in a manly and earnest protest, opposed it, —
His views were given at length, and no roan
familiar with the position of affairs can fail to
See their soldierly sajacity. Said he: "Clear
in my convictions of right, strong in the con
sciousness that I have ever been, an d still
am, actuated solely by the love of my coun
try, knowing that no ambitious or selfish
motives have influenced me, from the coin
mcnoement of this war, I do now what I nev
erdid in my life before, I entreat that this
order may be rescinded
What were some of the reasons given by
General Halleck for the withdrawal of thc-
Armv from James River to Acquia Creek ?
First and foremost, was the very cogent one,
that the enemy's forces in and arcund
Richmond were estimated at two hundred
thousand, while tue effective Lrce of this Ar
my of the Peninsula was only ninety thous
and- This is not mere assertion. The ofll
cial correspondence between General Hal—
leck and General McClellan clearly prove® it
And jet the Abolitionists, who are fiendishly
as-ailing General McClellan, unblushingly
declare that he nt I aore than enough men
then were revuirod to accomplish the pur
puses of the campaign.
It is not necessary to give, in detail, the
masterly manner in which the order of with
drawal was executed. It stands without a
parallel in the history of warfare. Neither
is it necessary to refer to the disasters which
followed t e policy of th, Administration,—
The complete overthrow of the braggart P >pe
the demoralization of the grand Army of ihe
Potomac, the threatened capture of Wash
ington, the terror of the Administration, the
invasions of Marylaud, the tamest beseech
ings and entreaties of Mr. Lincoln that Gen.
McClellar Would again assume the Command
of the army the almost m.raculous re organi
zation of our defeated and disheartened
troops, the victory at S <uth Mountain, the
great victory of Antietam, and tho shameful
removal o( G-n. McClellan bv the very men
who.less than two months before, were in
debted t' him for the preservation of the ar
my and the capital of the nation—are all
matters of painful record. Thread by thread
history is unravelling the tangled meshes of
Abolition duplicity, and a deceived people are
beginuing to fully comprehend the gross im
positions that are attempted to be practiced
upon them by wicxed and unscrupulous par'
PENNOETON* —At an immense ratification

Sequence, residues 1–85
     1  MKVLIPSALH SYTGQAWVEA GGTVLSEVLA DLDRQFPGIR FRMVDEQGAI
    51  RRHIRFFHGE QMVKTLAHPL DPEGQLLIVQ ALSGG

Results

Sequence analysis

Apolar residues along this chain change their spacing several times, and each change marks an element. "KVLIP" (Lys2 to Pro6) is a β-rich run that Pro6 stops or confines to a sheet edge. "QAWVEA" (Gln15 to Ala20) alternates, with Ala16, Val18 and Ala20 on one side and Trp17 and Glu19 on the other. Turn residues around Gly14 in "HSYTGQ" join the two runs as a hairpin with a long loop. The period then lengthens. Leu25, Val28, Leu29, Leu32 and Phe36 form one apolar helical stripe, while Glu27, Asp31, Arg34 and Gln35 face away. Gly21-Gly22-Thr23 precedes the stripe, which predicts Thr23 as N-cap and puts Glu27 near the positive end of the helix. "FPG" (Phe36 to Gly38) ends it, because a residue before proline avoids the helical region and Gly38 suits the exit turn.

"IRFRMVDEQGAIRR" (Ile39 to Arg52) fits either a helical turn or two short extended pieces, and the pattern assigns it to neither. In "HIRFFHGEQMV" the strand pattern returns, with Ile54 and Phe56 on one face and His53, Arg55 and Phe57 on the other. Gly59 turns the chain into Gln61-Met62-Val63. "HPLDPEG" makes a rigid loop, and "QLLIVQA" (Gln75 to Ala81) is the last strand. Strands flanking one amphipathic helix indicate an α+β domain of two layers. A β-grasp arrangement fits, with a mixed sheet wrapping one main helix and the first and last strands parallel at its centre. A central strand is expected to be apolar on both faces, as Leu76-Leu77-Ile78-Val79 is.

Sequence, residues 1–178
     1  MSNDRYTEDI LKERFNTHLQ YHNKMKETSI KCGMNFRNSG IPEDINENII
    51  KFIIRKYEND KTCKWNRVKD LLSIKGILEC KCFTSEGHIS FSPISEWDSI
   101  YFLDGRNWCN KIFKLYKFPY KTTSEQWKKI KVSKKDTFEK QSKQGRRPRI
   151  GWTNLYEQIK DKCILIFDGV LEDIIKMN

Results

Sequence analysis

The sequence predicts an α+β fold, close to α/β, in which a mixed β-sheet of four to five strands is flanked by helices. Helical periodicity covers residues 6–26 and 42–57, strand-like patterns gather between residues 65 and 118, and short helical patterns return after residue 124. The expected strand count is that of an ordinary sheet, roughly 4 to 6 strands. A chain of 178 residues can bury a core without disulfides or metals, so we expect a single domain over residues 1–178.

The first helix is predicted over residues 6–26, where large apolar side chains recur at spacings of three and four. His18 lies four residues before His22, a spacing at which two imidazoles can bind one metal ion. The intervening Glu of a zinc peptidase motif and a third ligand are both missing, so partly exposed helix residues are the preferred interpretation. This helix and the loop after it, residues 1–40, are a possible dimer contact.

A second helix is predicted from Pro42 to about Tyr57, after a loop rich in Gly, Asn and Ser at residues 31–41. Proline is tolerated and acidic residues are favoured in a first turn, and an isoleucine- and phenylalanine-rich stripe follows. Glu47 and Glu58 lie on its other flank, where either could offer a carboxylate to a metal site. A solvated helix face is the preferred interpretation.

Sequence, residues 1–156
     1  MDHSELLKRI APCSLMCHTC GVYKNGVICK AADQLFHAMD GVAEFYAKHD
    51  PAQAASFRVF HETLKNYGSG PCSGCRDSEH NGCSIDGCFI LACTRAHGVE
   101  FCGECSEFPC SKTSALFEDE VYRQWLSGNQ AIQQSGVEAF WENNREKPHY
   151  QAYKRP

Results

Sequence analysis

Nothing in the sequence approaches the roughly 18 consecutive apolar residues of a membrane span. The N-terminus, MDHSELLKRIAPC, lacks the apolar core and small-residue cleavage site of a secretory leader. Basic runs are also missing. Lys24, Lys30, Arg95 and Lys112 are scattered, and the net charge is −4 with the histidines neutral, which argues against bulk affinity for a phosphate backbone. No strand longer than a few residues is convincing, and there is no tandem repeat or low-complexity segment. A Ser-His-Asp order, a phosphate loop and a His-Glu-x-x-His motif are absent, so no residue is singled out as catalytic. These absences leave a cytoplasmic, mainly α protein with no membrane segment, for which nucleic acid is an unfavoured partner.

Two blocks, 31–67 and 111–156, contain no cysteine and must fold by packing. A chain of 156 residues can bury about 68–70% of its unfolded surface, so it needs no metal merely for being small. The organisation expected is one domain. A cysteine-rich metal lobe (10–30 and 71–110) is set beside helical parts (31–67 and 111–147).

meeting At Albany on Wednesday evening,
a letter was read from John Van Bureu in
which lie says : " There are two men who
obviously can never make a peace that will
receive the sanction of the American people
They are Abraham Lincoln and Jcflerson
Davis : and unless we are prepared for an
eternal wtr. and the slaughter, debt, taxation
and suspenpion of constitutional liberty at-*
tend it. Abraham Lincoln must be made to
retire on the -4th ol March next, and a Presi
dent must be chosen in his stead who will
consent to peace on the basis of the Union
and Constituti on. Such a man is General
McClellan, and I cannot lillow myself lo
doubt that the loyal people of the United
States will call Jjim to the discharge of this
as well the other grave duties that belong to
the chief magistracy.
Tom Thumb and wife has rcaly got
a baby
The Releajo of Howard,
From tho New York Evening Post.
We learn thar Mr. Howard, father of the
forger of the President's Proclamation, ob
tained the order for his son's release yester
day. lie t..ok it down to Fort Lafayettu.and
the forger reached Brooklyn during toe after
noon. Muli®on,the man who acted as amanu
ensis for Howard, is sull in con-nemeut,
having no powenul friends to secure his re
lease, .
This is a fair iljustratian of the way jus
lice is administered by the system of milita
rests, which is a part of too policy of this ad
ministration. The chief offender is set at lib
erty, simply because he has powerful friends
who can bring a "pressure" to bear on the
President, while the subordinate, the mere
amanuensis, is lef' to rot in one of the G v
eminent Basfiies. Shame on the men who
perpetuate such oat rages, and if the people
hating ihe opportunity to ntrip them of tin
power have abused, neglect to do so,
then shame on the people.
• • "
0 HOLD llt.u TO His YV'ORD. —The friends o
jßA'nion must remember that Mr. Lincoln
hWcfistinctly announced that he will enter
%iti no propositions for peace and restora
lion that do not embrace the "abandonment
of slavery " This is bis ultimatum. What
right has he to call himself a Union candi
date, when he refuses even to discuss the
question of reconstruction, gnless tho rights
of the States, under the Constitution, are
yiefdod by the peoplo thereof to the central
1 at Washington 7
Tribune of Monday last contained an artlcf/